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Searching for Sources

Leave Plenty of Time for Searching

You are probably going to go back to searching various times throughout your research process in order to get the most relevant resources for your paper. In the beginning of the research process you are going to do some background research to familiarize yourself with your topic and develop a search plan. Then, as you start research, you might find that your topic changes and you need to go back and do a little more background research. Finally, when you begin writing,  you might find gaps in your research that you need to go back and fill. All this is to say, that research is not a process where you do it once, find three articles, and start writing. It takes some time and some finessing to find the best sources.

Some Search Tips

Identify Key Concepts and Alternative Search Terms

  • Hear yourself think/speak about your topic.  What do others refer to this concept as?  Are there other terms that mean the same thing? Often this step can be the hardest because it can be difficult to identify which terms will find you the most relevant resources. This is where your background research can come in handy. What terms did you come across when you were looking at a broad overview of your topic?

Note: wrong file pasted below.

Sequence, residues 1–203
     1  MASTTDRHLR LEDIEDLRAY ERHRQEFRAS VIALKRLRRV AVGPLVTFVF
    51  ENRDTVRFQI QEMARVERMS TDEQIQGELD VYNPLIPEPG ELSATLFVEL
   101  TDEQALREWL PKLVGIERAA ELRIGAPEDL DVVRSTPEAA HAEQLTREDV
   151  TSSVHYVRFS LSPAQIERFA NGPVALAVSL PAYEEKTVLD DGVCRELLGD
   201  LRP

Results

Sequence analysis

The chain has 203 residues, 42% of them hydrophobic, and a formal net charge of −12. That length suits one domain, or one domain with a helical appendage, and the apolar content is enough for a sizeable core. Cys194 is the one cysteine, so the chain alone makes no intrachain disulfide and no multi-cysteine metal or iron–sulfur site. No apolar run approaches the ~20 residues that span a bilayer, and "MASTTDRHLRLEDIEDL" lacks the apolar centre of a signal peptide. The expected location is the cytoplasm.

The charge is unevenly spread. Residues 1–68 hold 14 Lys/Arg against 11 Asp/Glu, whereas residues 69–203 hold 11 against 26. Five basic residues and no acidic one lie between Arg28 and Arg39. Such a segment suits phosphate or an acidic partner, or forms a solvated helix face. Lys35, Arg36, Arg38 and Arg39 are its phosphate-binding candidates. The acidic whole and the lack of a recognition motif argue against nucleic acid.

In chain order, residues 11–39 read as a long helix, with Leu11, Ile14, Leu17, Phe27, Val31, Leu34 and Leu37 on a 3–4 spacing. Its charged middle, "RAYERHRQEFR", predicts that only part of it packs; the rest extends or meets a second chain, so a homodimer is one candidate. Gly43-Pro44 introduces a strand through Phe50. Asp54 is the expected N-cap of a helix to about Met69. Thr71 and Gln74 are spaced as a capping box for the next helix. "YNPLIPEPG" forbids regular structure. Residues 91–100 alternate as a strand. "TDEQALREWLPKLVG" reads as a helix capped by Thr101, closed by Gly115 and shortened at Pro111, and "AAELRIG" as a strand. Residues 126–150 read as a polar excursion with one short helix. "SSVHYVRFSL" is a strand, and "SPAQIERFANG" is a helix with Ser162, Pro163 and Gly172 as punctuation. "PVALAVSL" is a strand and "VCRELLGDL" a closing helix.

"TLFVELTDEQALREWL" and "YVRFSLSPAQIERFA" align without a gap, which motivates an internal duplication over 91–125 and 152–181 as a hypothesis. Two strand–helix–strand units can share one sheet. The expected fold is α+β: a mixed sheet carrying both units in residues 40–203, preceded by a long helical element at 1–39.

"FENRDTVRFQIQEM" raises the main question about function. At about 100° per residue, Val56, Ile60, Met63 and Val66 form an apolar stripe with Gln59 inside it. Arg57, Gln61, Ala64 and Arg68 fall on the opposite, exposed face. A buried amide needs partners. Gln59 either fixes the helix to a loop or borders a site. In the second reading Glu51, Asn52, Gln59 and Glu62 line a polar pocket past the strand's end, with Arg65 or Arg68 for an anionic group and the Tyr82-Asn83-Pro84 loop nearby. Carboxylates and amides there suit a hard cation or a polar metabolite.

• Try some searches in the databases and see what kind of results you get. If you find an article that seems relevant, look at what subjects are listed on that article and try a different search using those terms. This can be the most powerful tool to finding relevant sources.

  • If you have two different concepts, use two separate boxes to search for those terms. You'll get better results.

advanced search screen

  • Use the advanced search screens to eliminate search terms that aren't relevant but keep coming up in your results.

advanced search using not

Like I said, finding the right terms to search with can be the most difficult and time consuming part of research. If you need help with this, please contact me. I love searching and would be happy to help you.

Using Good Sources to Find More Sources

Sometimes All It Takes Is One or Two Good Sources

While finding the right terms to use to search can be difficult, the good news is that once you've identified one or two good sources you can use those to find more sources really easily.

  • First, look at the works cited or bibliography of your source. This is a treasure trove of more sources. Find some titles that look relevant and do a search either in Google Scholar or in Search Everything for that title and see if you can find it. (Tip: Just search on the tile, don't copy and paste the entire citation. You won't get good results).
  • Next, click on the author's name and see what other articles they have published. Most often, an academic scholar specializes in one area and writes many articles about that topic.
  • Finally, and I think this is the best tool, is to use Google Scholar to see what other papers have cited the paper you've identified as a good resource. The cited by link will bring a you a list of papers that have used your original source as a source in their paper. As you can imagine, the list will probably have a lot of sources that are relevant to your topic. If you find some good ones in that list, use their cited by links to find even more, and those to find even more, and so on.

Here's where you find the cited by link in Google Scholar:

cited by link in google scholar